Favourite sites

Saturday, August 6, 2016

Justin obliges the Supreme Court appointments squawkers without thinking

Pierre Trudeau appointed ten justices to the Supreme Court of Canada and made two of them Chief Justice.

He did it the old fashioned way. There was no ‘process’ and no ‘transparency.’ He just announced a name. But there was 100% accountability. If you didn’t like the appointments, you knew whom to blame.

His son says this won’t do. He writes in The Globe and Mail, which apparently serves him as his official journal, that ‘the process used to appoint Supreme Court justices is opaque, outdated, and in need of an overhaul.’

What has happened to make Pierre Trudeau’s way of appointing judges ‘outdated’ and so on?

In the last three decades an incoherent crescendo of squawking from law professors and politics professors and politicians who affect to be high minded and media pundits has demanded that what they insist on calling a ‘secret process’ when, as with all other practices for filling positions except elections, it is simply confidential, must be changed. To what end and how they do not agree. But the ever obliging, never thinking, Justin Trudeau has decided to give them everything they want.

A paradox of the squawk is the general agreement that the justices we have as result of the ‘outdated’ process are about the best justices there ever were anywhere, led by Chief Justice Beverley McLachlin, whom Trudeau quotes.

A seven strong Independent Advisory Board will come up with a short list of names to fill the vacancy created by the retirement of Thomas Cromwell. The Board is instructed in bureaucratic flannel to find saintly geniuses, of whom there are none in Canada, and set out in the same bureaucratic flannel how it determined that its choices qualify. They report to the Prime Minister and how much of their reasoning will be made public is unclear. Though The Globe can be relied on to winkle out any ‘secrets.’

The process is based on applications. Anyone who would apply to be a justice of the Supreme Court of Canada would show disqualifying conceit and ambition. ‘Woe unto them that are wise in their own eyes, and prudent in their own sight!’ Isaiah 5:21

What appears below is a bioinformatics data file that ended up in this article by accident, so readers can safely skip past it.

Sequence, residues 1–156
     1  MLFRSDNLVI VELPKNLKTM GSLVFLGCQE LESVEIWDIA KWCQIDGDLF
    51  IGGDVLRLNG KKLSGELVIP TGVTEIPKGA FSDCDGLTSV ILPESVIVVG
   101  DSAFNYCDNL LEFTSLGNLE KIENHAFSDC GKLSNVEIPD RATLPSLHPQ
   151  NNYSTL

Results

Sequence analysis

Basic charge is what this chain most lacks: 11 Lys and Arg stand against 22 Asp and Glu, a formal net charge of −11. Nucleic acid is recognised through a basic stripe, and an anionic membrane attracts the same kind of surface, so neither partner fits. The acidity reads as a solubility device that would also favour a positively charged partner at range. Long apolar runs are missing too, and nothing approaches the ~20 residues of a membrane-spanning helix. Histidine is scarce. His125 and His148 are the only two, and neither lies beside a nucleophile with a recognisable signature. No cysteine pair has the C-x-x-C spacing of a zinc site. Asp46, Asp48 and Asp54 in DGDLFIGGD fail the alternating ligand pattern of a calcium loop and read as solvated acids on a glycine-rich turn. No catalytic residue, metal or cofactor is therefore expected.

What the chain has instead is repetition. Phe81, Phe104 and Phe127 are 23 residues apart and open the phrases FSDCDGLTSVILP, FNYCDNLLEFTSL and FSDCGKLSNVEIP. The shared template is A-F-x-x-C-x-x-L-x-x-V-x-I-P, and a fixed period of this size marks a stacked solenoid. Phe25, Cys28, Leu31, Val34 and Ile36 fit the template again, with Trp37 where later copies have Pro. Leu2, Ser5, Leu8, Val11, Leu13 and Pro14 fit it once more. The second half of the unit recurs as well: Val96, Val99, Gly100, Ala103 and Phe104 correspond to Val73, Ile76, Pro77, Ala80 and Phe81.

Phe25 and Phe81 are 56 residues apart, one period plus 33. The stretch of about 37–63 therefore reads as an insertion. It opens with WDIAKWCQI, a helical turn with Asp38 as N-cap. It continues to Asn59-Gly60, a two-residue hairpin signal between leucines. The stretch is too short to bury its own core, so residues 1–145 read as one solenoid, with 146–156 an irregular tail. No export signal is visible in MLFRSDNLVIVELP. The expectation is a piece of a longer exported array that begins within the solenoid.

But the Board is to ‘actively seek out qualified candidates and encourage them to apply.’ Whether that means that they are to send out a circular to everyone legally qualified, which, oddly, includes me, though I haven’t practiced law for fifteen years and am not a member of the Law Society, is unclear. If it means that they are to solicit applications from distinguished judges and eminent counsel, it means those will not be asked whether they are willing to serve, but whether they are willing to demean themselves but pitching their qualifications to the Board.

The Board is made up of the usual suspect ‘non-partisan’ worthies. We had not heard of the Right Honourable Kim Campbell for many years, but one can see the non-partisan optics. Some, like Jeff Hirsch, President of the Federation of Law Societies of Canada, are practically ex-officio. Others, like Susan Ursel, winner of the Canadian Bar Association’s Sexual Orientation and Gender Identity Conference Hero Award in 2011, are ideological operators.

But those who agree to serve on the Board as accredited worthies show themselves unfit to advise on who should be our next Supreme Court justice. They have accepted ‘power without responsibility.’

Justin can’t give quite everything some of the squawkers want. John Robson and opposition MPs complain that Parliament won’t get to vote on the appointment. But, as they should know, the power of appointment under the Constitution lies with the the Governor General, who will act on the advice of the Prime Minister. As the Prime Minister’s father was effectively the ‘seal of the framers,’ the Constitution can’t be changed.

MPs will hear from Campbell and the Minister of Justice how what is, wrongly, being called the ‘nominee’ was chosen and quiz her or him under the tutelage of a law professor. Will they be told how unsuccessful applicants fell short of the ideal? That should do wonders for the administration of justice.

Trudeau writes ‘The appointment of a Supreme Court justice is one of the most important decisions a prime minister makes. It is time we made that decision together.’ But we are not, as we should not be, going to make the decision together. Trudeau is farming out the decision, not to make it accountable, but to make himself unaccountable for any dud they may come up with. As with so much of modern rational administration and politics it doesn’t matter what the result is so long as you follow the correct ‘process.’

The best prospects for the Court will be put off by the process. Those who submit to it will be tainted by it. It will lower the quality of the judges who serve on the Supreme Court of Canada, while for a time enhancing their corrupting prestige.

No comments:

Post a Comment